Said daughter, age 9, had never used a can opener ... and Dad decided not to show her. He would wait out the whole time it took for the girl (who must not have access to YouTube) to finally, desperately figure the dang thing out.
In 23 tweets, since deleted, Bean Dad wrote about every frustrated exchange, e.g.:
"So I said, 'How do you think this works?' She studied it and applied it to the top of the can, sideways. She struggled for a while and with a big, dramatic sigh said, 'Will you please just open the can?' Apocalypse Dad was overjoyed: a Teaching Moment just dropped in my lap!"
When the girl finally did puncture the can, she was triumphant, and Dad was, too.
Then came the commenters.
Like beans exploding from a pressure cooker, they were all over the place. Some praised Pop: Through his tough love, his daughter became resourceful.
But far more were more like, "Godspeed, s—-goblin." (A new word to me, too.)
Pretty soon, the haters came so thick and fast — some calling his actions child abuse — that Bean Dad took down his whole thread. But then came the digging up of his prior tweets, some of which were shockingly racist, anti-Semitic, etc. Or as one tweet put it:
"Bean Dad's daughter is now about 6 hours into watching her dad try to learn how to close a can of worms."
One worm can included the fact that the "My Brother, My Brother and Me" podcast had used a song by The Long Winters, a group Bean Dad sang with in the 2000s. No more.
And, in the category of everything turns out to be strangely connected to everything else, Bean Dad also co-hosted a podcast with all-time Jeopardy champ Ken Jennings.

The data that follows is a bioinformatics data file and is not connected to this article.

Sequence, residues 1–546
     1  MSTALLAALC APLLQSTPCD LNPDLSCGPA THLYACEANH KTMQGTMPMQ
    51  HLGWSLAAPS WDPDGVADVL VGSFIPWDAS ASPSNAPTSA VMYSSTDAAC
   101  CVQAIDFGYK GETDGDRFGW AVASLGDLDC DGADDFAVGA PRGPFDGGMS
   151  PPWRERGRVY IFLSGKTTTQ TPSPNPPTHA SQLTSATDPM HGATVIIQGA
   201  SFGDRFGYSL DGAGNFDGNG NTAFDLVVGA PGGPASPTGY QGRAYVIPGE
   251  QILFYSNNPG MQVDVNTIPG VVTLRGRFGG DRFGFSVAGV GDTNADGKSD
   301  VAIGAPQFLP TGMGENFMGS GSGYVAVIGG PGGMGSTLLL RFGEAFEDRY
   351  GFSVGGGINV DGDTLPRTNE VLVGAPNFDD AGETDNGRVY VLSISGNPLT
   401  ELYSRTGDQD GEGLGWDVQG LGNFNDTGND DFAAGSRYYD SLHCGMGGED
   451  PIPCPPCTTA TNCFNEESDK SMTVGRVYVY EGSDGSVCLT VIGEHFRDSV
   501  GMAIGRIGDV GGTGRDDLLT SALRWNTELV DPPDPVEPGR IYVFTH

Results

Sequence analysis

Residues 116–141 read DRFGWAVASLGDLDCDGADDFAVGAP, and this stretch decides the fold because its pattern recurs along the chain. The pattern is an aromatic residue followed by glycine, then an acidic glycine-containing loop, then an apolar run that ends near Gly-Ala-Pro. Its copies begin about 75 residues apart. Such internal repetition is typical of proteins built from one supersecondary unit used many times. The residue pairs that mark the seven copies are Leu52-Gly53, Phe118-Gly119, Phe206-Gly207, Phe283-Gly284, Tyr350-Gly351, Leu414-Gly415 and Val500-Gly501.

In the days since, Bean Dad has apologized for the earlier tweets, saying they were meant to be ironic, and he explained that he and his daughter were laughing and having fun together on Bean Day. So now I'm using Bean Dad as a cultural Rorschach test:
When someone says something you disagree with — is this license to dredge up anything else they've ever said publicly?
In truth, it really interested me to see Bean Dad had posted disgusting tweets ... because it made it much easier for me to categorize him. While I'd considered that maybe there was something plausibly positive in his parenting decision that day — his deep belief in his daughter — once I read his past tweets, I could very easily damn everything he did as cruel and reprehensible. It allowed me to label him, once and for all, as a jerk.
I'm not sure that's something we should be doing, whenever faced with an ambiguous idea or person. Digging back in hopes of finding a character flaw so we can easily despise someone seems to allow us to hate instead of think.
On a somewhat parallel plane: I'm not happy about the pastime of publicly second-guessing parenting decisions. This hobby has had serious real-world repercussions. For instance, sometimes a child is allowed to play outside without supervision, or a child wanders off and it takes a little while for the parent to notice. These are normal situations. But in actual cases like this, onlookers have called Child Protective Services.
Absent real abuse, I'd rather us not be jumping in. Being a virtuous child saver requires actually saving children — not smugly tweeting or siccing the authorities on people we disagree with, dislike or disdain.